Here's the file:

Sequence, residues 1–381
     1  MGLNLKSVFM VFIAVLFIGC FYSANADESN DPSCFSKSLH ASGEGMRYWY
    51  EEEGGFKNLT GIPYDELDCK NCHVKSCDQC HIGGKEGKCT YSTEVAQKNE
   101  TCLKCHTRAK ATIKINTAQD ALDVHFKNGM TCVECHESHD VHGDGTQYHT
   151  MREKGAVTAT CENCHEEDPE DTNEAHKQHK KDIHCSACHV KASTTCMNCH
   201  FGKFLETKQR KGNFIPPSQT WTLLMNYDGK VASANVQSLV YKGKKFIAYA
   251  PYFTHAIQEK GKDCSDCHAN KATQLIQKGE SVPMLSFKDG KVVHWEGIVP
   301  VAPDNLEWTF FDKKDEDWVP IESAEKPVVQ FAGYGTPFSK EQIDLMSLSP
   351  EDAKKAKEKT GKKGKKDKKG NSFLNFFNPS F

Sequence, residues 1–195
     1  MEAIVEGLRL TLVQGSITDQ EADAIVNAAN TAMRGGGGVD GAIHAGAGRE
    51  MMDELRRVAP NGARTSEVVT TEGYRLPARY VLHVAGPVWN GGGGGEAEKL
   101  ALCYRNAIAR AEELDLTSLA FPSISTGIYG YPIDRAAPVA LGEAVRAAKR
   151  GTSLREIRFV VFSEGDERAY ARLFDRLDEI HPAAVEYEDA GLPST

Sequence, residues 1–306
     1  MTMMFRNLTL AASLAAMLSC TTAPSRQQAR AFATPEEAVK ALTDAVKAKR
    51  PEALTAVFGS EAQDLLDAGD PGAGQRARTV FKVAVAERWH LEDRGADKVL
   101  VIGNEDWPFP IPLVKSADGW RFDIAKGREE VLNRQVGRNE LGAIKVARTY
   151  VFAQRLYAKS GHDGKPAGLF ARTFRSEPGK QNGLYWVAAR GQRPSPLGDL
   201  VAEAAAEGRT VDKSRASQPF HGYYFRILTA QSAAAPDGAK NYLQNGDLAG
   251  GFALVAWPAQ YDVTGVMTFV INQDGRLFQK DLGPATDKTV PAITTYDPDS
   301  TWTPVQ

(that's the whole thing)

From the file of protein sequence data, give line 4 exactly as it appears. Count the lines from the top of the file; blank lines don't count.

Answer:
   101  TCLKCHTRAK ATIKINTAQD ALDVHFKNGM TCVECHESHD VHGDGTQYHT